A common limitation to the design of public health sleep interventions is the overall lack of using theory. Previous researchers have utilized the theory of planned behavior and the reasoned action approach (RAA) to predict healthy sleep behaviors, however much of this research was done using reflective (or generalized) measures, which alone is likely inadequate to equip health practitioners with tangible information they can use to translate theory into practice. Therefore, the purpose of this study was to use formative (or belief-based) measures of the RAA to evaluate the determinants of attitudes, perceived norms, and perceived behavioral control (PBC) of healthy sleep behaviors among young adults.
A survey was distributed via email using a university-wide listserv at a large southwestern university. Participants (n = 310) were on average 19.9 years old (+/-1.6), and reported sleeping five and a half hours (+/-0.7) per night. Associations between formative and reflective RAA measures were overall moderate to strong. Thinking clearly (r = 0.55; p < 0.001) was the strongest determinant of attitudes; friends (r = 0.27; p < 0.001) was the strongest referent of injunctive norms; children (r = 0.14; p < 0.05) was the strongest referent of descriptive norms; and having a lot of homework/studying (r = -0.25; p < 0.001) was the strongest determinant of PBC. Understanding the determinants of attitudes, perceived norms, and PBC will help health practitioners bridge the gap between theory and practice, and provide relevant information to aid in the development of effective public health sleep interventions.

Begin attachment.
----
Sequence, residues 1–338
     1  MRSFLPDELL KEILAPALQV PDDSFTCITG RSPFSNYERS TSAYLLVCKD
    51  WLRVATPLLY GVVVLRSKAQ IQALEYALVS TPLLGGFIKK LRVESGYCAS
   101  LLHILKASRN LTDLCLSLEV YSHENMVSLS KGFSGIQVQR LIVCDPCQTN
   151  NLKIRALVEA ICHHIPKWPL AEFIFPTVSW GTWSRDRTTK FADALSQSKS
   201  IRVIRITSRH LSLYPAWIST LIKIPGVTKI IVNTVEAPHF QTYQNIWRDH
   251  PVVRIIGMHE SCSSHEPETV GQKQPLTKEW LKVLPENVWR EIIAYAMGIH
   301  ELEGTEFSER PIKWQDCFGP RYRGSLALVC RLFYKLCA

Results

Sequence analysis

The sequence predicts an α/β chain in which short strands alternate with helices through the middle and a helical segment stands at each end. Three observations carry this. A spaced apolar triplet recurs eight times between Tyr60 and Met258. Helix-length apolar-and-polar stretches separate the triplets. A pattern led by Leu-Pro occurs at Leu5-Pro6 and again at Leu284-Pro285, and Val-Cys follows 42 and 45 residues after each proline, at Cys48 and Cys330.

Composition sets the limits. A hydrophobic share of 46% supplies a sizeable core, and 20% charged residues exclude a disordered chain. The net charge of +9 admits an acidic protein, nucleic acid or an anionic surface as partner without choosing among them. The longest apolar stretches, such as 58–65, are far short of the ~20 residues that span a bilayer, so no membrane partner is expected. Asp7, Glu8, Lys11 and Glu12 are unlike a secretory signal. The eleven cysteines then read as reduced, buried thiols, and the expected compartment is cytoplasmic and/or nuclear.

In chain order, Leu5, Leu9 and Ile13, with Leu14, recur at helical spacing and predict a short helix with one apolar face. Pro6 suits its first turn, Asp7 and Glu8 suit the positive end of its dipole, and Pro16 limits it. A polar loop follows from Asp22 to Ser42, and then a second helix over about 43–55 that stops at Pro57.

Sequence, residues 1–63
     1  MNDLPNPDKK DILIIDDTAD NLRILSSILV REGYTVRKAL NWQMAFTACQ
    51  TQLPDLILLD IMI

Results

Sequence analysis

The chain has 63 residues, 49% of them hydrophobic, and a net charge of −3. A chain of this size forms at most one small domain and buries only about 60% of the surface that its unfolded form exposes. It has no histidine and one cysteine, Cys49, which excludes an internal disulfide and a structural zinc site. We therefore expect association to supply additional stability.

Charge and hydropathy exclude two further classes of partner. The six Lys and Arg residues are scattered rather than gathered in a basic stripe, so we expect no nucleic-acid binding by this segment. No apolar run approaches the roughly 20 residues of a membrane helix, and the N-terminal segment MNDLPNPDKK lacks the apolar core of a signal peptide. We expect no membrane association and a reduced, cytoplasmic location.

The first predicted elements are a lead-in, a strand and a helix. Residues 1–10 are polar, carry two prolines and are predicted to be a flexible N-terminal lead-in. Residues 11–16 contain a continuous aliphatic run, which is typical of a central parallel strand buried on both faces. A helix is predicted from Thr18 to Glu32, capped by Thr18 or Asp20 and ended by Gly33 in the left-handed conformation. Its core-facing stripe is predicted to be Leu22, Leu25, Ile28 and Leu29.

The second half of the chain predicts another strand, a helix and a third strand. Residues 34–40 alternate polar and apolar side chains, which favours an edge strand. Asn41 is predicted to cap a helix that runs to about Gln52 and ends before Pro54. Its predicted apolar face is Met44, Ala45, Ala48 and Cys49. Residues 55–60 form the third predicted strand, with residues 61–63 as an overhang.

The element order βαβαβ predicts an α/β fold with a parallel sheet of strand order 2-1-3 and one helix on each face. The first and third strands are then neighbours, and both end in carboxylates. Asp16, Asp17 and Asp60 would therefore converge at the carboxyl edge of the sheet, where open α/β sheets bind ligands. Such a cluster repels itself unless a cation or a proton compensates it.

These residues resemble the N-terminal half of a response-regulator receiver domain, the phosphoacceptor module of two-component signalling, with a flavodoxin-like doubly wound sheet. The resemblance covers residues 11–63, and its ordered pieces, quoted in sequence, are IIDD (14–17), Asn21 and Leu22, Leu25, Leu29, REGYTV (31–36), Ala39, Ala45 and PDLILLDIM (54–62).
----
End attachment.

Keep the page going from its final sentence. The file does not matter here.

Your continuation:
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Branscum, Paul and Qualls Fay, Katie
"What determines young adults’ attitudes, perceived norms, and perceived behavioral control towards healthy sleep behaviors? A reasoned action approach,"
Health Behavior Research: